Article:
White House buckling on HHS mandate?
posted at 1:01 pm on December 19, 2012 by Ed Morrissey
An appeals court reinstated lawsuits from Wheaton College and Belmont Abbey College against the HHS contraception mandate, overruling district courts that had ruled the lawsuits as “premature.” The recognition of the DC Circuit of the immediate threat to religious liberty would have been a big, albeit temporary victory for The Becket Fund, which represents the plaintiffs in these cases. However, as TBF explained in its press release and may have been overlooked otherwise, the court forced the Obama administration into conceding that the HHS mandate will be substantially reworked in the near future, emphases mine:
Today, a federal appeals court in Washington, D.C. handed Wheaton College and Belmont Abbey College a major victory in their challenges to the HHS mandate. Last summer, two lower courts had dismissed the Colleges’ cases as premature. Today, the appellate court reinstated those cases, and ordered the Obama Administration to report back every 60 days—starting in mid-February—until the Administration makes good on its promise to issue a new rule that protects the Colleges’ religious freedom. The new rule must be issued by March 31, 2013.
The court based its decision on two concessions that government lawyers made in open court. First, the government promised “it would never enforce [the mandate] in its current form” against Wheaton, Belmont Abbey or other similarly situated religious groups. Second, the government promised it would publish a proposed new rule “in the first quarter of 2013” and would finalize it by next August. The administration made both concessions under intense questioning by the appellate judges. The court deemed the concessions a “binding commitment” and has retained jurisdiction over the case to ensure the government follows through.
“This is a win not just for Belmont Abbey and Wheaton, but for all religious non-profits challenging the mandate,” said Duncan. “The government has now been forced to promise that it will never enforce the current mandate against religious employers like Wheaton and Belmont Abbey and a federal appellate court will hold the government to its word.”
While the government had previously announced plans to create a new rule, it has not yet taken the steps necessary to make that promise legally binding. Lower courts dismissed the colleges’ cases while the government contemplated a new rule, but the Court of Appeals for the District of Columbia Circuit decided the cases should stay alive while it scrutinizes whether the government will meet its promised deadlines. The court acted quickly, issuing Tuesday’s order just days after hearing lengthy arguments.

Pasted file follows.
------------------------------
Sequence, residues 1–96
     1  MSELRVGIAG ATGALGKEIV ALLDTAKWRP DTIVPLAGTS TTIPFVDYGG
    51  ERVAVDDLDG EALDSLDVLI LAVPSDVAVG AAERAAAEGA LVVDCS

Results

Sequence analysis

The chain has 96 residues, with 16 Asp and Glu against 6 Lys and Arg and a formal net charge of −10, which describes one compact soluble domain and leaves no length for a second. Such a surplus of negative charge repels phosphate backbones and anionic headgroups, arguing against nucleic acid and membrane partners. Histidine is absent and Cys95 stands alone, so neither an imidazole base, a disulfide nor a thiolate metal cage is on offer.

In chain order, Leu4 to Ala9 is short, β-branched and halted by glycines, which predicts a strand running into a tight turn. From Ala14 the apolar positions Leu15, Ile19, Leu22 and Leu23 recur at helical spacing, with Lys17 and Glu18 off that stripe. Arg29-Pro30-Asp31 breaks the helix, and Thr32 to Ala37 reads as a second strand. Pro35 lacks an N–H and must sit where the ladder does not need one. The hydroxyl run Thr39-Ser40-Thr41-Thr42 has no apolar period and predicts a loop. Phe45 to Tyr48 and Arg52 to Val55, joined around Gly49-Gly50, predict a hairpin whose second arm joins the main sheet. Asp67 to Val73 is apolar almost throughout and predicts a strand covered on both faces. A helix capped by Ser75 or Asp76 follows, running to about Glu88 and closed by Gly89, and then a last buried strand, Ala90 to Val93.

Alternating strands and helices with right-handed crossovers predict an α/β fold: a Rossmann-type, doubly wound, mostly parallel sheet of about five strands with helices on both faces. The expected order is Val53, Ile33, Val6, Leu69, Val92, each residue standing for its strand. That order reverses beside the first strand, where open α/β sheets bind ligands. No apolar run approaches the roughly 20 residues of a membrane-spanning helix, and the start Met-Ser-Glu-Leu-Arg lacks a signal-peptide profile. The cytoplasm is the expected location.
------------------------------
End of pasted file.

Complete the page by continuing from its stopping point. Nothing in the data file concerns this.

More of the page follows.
First, it’s interesting that the White House hasn’t announced a review of its HHS contraception mandate outside of court. As far as is publicly known, the Obama administration considered its “accommodation” in the spring of this year as its final word, and had every intention of enforcing it. Until now, the suggestion that the rule was under review was an argument intended to delay judicial scrutiny of the administration’s attempt to impose its own definition of “worship” via bureaucratic decree.
This decision forces an end to that strategy. The “intense questioning” forced the administration to make what the appellate court considers a binding submission, and now has to produce a revamped rule that won’t infringe on religious liberty. It’s worth pointing out at this juncture that the Obama administration insisted that its “accommodation” didn’t infringe on religious liberty, so this concession gives the strong impression that the White House’s legal team is admitting that it in fact does infringe on the freedom of religious expression.
Now that the administration’s legal team has admitted that much and committed to a change in March, perhaps we can speed it up so that the Little Sisters of the Poor don’t have to flee the country:
A religious order of nuns is concerned about its future presence in the United States because of Obamacare’s impact on its charitable operations. The Little Sisters of the Poor told The Daily Caller that it may not qualify for a long-term exemption from Obamacare’s healthcare mandate. The law requires the order to provide government-approved health insurance to its 300 sisters who tend to the elderly in 30 U.S. cities.
The exception is needed, said Sister Constance Carolyn Veit, the Little Sisters’ communications director, because Catholic teaching opposes contraception and medical treatments that cause sterility or can cause abortions.
President Barack Obama’s health-care overhaul law requires employers to include those services in qualifying health care plans they provide for their employees. Failure to comply will bring hefty fines — even for religious orders whose members have taken vows of poverty.
“[I]t could be a serious threat to our mission in the U.S.,” Constance told TheDC, “because we would never be able to afford to pay the fines involved. We have difficulty making ends meet just on a regular basis; we have no extra funding that would cover these fines.”
When the government requires a religious order to provide free contraception coverage to celibate nuns, we’ve gone beyond political satire and into the bureaucratic deep weeds.